The government has reduced the number of civil servants by almost a fifth since it embarked on spending cuts in 2010, while public sector pay curbs have narrowed the wage gap with the private sector.
As health and civil service workers prepare to strike next week over pay, two sets of data on Thursday demonstrated the impact of austerity on Britain’s public sector workforce.
The Office for National Statistics said there were 439,900 civil servants in March this year, 17 per cent fewer than in 2010 when the coalition government started its nine-year programme to close Britain’s budget deficit.
The axe has fallen most heavily on the lower levels of the civil service: in the past year alone the number of administrative-level staff fell 9.4 per cent, while the number of senior civil servants rose 11.8 per cent. The result has been a shift towards a more top-heavy civil service. Administrative officers and assistants now account for 40.7 per cent of the total, down from 46.6 per cent in 2010. The proportion of people on the more senior grades 6 and 7 has increased from 6.9 to 8.6 per cent.
The civil service has also grown older: the median age was 46 this year, up from 44 in 2010. Almost 40 per cent of civil servants were over 50. Meanwhile, almost four in 10 senior civil servants were women, up from about three in 10 before the crisis.
The government’s austerity programme – which has just reached the halfway mark – is forecast to cut the size of the total public sector workforce by more than 1m. The government has also capped public sector pay rises at 1 per cent a year and reduced the generosity of pensions.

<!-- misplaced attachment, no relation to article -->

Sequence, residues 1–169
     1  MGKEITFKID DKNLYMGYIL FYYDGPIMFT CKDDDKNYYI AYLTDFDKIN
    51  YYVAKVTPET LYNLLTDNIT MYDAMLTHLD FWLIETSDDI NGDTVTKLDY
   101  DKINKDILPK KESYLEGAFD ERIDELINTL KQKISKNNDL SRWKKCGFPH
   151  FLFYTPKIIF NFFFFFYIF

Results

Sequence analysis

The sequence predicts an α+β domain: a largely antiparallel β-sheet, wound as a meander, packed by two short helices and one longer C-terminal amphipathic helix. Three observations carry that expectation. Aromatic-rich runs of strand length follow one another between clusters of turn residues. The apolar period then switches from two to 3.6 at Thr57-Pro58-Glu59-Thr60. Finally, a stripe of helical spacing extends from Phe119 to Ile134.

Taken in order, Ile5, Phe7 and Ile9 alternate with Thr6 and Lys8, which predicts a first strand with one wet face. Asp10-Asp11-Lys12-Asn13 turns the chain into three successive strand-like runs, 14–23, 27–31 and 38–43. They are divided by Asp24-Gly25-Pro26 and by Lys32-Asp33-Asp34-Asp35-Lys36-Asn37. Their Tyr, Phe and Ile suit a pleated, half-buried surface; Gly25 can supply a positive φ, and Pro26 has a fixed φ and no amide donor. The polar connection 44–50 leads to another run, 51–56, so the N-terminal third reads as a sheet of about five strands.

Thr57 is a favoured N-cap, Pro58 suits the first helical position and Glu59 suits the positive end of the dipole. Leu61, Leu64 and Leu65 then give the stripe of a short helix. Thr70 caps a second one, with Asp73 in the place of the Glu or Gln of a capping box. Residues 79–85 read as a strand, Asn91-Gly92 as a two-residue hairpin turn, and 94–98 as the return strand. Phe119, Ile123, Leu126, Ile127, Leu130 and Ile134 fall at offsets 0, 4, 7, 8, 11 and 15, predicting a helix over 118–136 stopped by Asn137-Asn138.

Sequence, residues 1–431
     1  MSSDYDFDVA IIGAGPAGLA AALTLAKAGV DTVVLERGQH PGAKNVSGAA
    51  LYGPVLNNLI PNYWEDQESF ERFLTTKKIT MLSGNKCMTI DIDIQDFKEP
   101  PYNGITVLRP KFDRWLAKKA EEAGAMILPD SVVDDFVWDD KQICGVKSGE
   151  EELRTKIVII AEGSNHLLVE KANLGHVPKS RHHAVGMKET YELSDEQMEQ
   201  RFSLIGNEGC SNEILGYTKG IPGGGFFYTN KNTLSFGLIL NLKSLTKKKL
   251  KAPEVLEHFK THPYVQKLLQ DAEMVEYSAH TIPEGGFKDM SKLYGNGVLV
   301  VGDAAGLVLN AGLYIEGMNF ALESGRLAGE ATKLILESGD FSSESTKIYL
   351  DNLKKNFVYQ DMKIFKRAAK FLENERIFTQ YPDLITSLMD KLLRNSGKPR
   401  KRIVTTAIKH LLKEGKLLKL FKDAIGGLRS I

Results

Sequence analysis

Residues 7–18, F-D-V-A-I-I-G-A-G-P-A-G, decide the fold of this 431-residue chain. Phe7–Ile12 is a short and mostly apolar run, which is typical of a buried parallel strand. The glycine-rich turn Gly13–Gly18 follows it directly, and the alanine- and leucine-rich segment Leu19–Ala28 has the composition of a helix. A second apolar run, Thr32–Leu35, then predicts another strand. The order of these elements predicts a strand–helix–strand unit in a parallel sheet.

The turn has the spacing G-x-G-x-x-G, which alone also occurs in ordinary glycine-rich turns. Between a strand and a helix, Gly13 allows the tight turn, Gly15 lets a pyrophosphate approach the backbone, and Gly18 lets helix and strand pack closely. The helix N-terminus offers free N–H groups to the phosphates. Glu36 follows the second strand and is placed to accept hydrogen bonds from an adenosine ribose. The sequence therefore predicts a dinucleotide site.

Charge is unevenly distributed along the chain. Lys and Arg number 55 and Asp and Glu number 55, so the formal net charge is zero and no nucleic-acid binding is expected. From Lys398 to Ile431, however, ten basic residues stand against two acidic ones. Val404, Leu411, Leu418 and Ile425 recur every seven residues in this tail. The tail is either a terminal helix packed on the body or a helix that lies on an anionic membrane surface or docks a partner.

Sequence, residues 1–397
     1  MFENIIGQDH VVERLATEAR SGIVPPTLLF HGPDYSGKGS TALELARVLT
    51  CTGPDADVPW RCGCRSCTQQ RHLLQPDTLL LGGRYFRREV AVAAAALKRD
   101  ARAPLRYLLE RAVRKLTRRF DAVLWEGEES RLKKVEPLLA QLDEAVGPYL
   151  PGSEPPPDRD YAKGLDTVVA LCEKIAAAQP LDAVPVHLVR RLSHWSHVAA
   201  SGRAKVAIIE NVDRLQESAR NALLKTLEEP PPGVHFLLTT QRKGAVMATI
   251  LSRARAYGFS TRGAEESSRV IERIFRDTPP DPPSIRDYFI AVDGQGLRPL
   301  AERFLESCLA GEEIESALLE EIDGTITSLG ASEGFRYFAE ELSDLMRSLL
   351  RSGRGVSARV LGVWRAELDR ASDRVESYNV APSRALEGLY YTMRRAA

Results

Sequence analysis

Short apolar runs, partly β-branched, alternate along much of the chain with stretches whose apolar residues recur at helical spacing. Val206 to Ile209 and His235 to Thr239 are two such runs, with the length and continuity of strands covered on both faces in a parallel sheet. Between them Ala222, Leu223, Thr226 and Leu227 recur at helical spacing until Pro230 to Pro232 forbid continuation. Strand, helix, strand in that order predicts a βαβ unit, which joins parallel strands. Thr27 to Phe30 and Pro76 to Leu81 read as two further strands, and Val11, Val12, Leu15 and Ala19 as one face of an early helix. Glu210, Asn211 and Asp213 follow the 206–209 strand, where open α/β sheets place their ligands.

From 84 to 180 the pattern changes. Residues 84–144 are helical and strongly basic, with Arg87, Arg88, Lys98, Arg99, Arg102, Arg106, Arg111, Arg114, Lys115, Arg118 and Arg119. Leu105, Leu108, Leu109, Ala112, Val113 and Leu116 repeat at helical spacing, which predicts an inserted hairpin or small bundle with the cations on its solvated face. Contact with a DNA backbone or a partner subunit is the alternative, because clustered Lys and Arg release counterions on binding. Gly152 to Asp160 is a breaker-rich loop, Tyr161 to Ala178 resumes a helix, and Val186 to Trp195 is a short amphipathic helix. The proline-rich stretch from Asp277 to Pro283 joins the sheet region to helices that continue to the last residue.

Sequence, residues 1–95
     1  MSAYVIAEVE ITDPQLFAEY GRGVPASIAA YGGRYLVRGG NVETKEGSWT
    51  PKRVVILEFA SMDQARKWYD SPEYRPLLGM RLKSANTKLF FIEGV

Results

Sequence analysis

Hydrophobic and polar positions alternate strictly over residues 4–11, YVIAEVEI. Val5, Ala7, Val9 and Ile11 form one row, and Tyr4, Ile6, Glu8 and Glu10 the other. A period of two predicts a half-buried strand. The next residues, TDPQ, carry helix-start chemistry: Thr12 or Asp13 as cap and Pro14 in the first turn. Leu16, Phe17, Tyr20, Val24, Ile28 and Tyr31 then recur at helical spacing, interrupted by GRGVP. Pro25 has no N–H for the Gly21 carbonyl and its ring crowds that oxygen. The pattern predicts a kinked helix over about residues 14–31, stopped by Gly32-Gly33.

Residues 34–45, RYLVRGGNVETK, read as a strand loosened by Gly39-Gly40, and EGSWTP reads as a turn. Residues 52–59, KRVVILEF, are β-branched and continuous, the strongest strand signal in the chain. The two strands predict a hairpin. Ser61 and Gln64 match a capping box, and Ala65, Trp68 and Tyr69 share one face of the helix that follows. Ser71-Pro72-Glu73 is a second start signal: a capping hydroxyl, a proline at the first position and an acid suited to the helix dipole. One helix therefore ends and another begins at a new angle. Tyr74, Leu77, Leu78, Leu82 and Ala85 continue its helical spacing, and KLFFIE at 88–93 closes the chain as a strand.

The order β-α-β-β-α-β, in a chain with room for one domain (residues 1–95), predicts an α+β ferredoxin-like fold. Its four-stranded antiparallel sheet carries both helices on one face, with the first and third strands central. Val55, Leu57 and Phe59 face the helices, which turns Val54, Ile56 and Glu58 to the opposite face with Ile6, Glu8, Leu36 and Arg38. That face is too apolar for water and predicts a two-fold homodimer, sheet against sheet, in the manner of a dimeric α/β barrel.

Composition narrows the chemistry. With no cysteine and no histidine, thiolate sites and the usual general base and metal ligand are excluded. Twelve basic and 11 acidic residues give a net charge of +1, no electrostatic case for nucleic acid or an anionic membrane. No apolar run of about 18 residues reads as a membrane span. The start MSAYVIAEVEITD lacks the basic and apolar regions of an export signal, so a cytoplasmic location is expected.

A report by the Institute for Fiscal Studies found the pay differential between equivalent public and private sector workers – which expanded in the recession because the public sector was relatively insulated from the crisis – had returned to its pre-crisis size.
After accounting for differences in age, region and education, women in the public sector were paid about 8 per cent more than those in the private sector last year, while there was little difference for men.
Based on forecasts from the official fiscal watchdog, the IFS said the gap between public and private sector pay was set to go on falling until it reached levels last seen in the late 1990s and early 2000s, when parts of the public sector struggled to recruit and retrain staff.
“The challenge for policy makers now is to manage a large fall in the public sector workforce and a fall in public pay relative to the private sector, whilst also seeking to retain high-quality workers at the same time,” the report said.
However, the IFS pointed out that public sector pensions remained much more generous.
The vast majority of workers are still in defined benefit schemes, while only 12 per cent of people in the private sector enjoy these. The government has tried to contain the cost of these pensions. Without recent reforms, the report estimated the value of employer contributions to public sector pensions would have risen from almost 25 per cent of salary in 1997 to almost 35 per cent in 2011. Instead, average pension accrual in the public sector fell to 19 per cent in 2011.
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